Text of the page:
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Rates Are Rising on Policies That Cover Gaps in Medicare

December 20, 1995

WASHINGTON (AP) _ Millions of retirees are facing stiff increases next month in the premiums they pay for private health insurance to fill in Medicare’s gaps.

The American Association of Retired Persons said the premiums on the Medigap policies for more than 3 million of its members are shooting up an average of 30 percent. The Prudential Insurance Company, which provides that coverage, is the biggest single seller of Medigap insurance.

Prudential executives blamed the increase on a soaring number of claims that its elderly customers are filing for medical services.

Most of the elderly buy supplemental coverage to cover things that Medicare does not pay for, including the $736 charged for the first day in the hospital and the beneficiaries’ 20 percent share of doctor bills.

Peter Ashkenaz, a spokesman for the AARP, said the organization was concerned when it learned of the size of the premium increases. ``But we found we had to go with it,″ he said.

Lania Peterson, a Prudential manager in its Fort Washington, Pa., office, said the actual increases will vary from state to state. They also depend on which of the 10 different Medigap policies a person buys.

``Beginning in late 1994 we’ve seen a really significant increase in those medical costs and claims volume,″ Peterson said.

Prudential’s Medigap claims jumped 38 percent in the first half of 1995, she said.

``We’ve tried to hold the line,″ she said. ``Our premium increases over the last five years average 7.7 percent annually. In 1992 and 1994 we gave premium refunds.″

AARP recently said it plans to terminate the agreement with Prudential when it expires at the end of December 1997. The organization said it will consider new options for selling supplemental insurance to members.

Medicare beneficiaries also pay a monthly premium of $46.10 to the government for their basic Part B coverage. That premium is scheduled to drop to $42.50 in January 1996. The Republican Medicare reform proposal before Congress would increase it to $53.50 a month.

Medigap policies typically cost anywhere from several hundred dollars to $2,000 or more a year. The most expensive policies offer some prescription drug coverage.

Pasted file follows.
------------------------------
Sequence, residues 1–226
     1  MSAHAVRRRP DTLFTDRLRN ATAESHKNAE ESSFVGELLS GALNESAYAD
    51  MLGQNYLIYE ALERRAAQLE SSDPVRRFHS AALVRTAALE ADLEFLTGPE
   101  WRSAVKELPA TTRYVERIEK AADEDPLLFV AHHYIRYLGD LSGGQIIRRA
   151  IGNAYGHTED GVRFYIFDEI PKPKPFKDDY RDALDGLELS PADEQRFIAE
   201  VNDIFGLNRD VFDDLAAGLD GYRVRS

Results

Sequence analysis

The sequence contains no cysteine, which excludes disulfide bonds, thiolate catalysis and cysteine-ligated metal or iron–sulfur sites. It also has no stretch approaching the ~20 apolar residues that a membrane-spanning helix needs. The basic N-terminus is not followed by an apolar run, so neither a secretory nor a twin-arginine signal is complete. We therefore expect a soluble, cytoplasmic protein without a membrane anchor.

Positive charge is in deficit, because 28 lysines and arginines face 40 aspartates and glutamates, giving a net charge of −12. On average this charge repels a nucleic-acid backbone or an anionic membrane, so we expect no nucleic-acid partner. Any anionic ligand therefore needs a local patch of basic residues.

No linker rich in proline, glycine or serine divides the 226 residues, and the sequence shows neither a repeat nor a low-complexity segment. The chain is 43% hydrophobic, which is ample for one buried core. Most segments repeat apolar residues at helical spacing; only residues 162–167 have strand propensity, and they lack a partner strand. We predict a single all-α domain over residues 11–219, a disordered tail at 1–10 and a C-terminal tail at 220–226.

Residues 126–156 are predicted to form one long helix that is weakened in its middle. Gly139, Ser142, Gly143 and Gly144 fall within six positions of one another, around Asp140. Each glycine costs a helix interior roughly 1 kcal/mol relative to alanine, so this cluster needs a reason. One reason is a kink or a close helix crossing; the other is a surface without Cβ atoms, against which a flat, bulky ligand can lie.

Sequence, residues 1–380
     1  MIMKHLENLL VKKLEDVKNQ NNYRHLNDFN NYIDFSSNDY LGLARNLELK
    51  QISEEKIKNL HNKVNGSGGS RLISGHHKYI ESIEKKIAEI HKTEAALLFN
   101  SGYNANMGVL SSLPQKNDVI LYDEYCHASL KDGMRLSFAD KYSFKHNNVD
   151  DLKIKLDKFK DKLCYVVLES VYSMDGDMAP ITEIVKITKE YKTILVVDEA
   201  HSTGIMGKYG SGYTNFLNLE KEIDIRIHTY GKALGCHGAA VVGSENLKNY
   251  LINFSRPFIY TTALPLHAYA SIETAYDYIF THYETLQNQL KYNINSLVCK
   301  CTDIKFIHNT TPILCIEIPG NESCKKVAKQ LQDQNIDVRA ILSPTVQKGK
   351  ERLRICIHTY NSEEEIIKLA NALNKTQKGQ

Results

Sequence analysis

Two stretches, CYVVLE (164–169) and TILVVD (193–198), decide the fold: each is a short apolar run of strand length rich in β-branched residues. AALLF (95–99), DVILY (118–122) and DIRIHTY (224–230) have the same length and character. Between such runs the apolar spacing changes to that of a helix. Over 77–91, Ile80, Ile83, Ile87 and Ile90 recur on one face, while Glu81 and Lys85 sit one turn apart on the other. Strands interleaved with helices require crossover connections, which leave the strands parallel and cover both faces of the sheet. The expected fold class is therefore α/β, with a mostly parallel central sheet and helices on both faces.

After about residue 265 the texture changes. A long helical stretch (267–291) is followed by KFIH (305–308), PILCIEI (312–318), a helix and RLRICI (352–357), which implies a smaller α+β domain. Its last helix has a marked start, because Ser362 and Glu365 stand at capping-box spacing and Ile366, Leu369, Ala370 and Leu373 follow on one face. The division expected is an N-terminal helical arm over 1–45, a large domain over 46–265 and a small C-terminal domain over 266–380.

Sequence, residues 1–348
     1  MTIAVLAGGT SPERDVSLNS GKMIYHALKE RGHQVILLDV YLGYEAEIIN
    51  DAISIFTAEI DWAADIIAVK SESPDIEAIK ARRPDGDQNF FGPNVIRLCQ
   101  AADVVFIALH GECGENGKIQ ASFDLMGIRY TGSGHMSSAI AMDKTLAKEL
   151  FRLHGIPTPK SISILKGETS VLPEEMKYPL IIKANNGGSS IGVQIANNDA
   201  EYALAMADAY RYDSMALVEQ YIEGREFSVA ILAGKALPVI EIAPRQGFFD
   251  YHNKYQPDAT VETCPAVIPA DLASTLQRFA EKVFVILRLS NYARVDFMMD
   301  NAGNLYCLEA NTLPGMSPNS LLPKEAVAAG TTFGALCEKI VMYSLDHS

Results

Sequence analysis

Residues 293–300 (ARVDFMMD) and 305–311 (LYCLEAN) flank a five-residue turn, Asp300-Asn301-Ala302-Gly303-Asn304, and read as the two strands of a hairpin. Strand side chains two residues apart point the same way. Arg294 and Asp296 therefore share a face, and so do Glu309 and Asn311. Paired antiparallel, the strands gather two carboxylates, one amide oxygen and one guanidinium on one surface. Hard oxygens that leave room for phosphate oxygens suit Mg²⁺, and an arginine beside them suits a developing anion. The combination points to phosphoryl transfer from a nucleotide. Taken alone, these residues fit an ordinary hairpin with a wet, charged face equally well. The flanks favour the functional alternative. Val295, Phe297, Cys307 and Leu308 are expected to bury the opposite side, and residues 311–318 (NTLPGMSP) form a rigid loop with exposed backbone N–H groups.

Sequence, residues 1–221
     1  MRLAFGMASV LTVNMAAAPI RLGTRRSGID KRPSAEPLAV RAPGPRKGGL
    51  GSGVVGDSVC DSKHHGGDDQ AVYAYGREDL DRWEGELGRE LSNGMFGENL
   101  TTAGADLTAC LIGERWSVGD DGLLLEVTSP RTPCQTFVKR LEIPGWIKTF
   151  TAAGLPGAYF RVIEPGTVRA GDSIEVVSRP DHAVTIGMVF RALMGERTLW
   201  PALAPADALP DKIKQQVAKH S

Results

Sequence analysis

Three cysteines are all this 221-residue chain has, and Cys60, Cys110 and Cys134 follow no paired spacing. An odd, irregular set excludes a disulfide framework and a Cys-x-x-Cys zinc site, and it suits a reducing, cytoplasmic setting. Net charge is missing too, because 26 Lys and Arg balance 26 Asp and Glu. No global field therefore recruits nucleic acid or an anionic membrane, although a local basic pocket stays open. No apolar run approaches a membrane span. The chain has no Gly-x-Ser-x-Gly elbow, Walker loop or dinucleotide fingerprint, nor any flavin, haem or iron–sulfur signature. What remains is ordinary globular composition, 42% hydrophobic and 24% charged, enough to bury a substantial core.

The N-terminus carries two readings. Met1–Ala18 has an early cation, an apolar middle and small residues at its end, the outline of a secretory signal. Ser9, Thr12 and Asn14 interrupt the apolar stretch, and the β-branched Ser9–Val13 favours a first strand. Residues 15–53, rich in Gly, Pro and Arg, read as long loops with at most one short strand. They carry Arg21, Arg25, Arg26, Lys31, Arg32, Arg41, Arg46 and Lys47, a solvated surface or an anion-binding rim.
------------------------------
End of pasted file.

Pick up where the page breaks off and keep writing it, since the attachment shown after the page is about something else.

Diane Archer, executive director of the Medicare Beneficiaries Defense Fund, a New York-based consumer group, said consumers will be left ``between a rock and a hard place″ by the Medigap premium increases.

If they drop the supplemental coverage, their only real options are ``to self-insure, which is risky or impossible on a fixed income, or to join a Medicare HMO, which will limit choice of doctors and may impede access to necessary care,″ she said.

``Our concern is fee-for-service Medicare is going to become a luxury only for the most affluent seniors as Medicare supplemental premiums go up,″ she said.

Gail Shearer, a health policy analyst for Consumer Union, said the AARP Prudential policies are community rated, meaning that the insurer charges the same rates for all customers in a state regardless of their age or health. Some other Medigap policies are not sold that way.

She said that Prudential may be feeling the effects of ``adverse selection,″ in which younger, healthier senior citizens may be attracted to other policies that offer low rates for 65-year-olds, but raise them as people age.

``Prudential is competing on an unlevel playing field,″ said Shearer.

Medigap rates vary from state to state and from insurer to insurer.

Prudential’s Peterson said the average monthly premium for the least comprehensive Medigap plan will go from $37 a month to $50 in 1996. The premium for a top-of-the-line plan will rise from $129 a month to $150, she said.

Other insurers are also filing for increases.

Paul Chvatal, 64, of Conklin, N.Y., who is on Medicare because of disability, said he was notified that his Blue Cross Medigap premiums were going up from $219 a quarter to $241 _ a 10 percent hike.

``It sounds like peanuts, but I don’t have a pension,″ said Chvatal. ``I’m on a tight budget.″ He said he will probably opt for a cheaper plan with fewer benefits.

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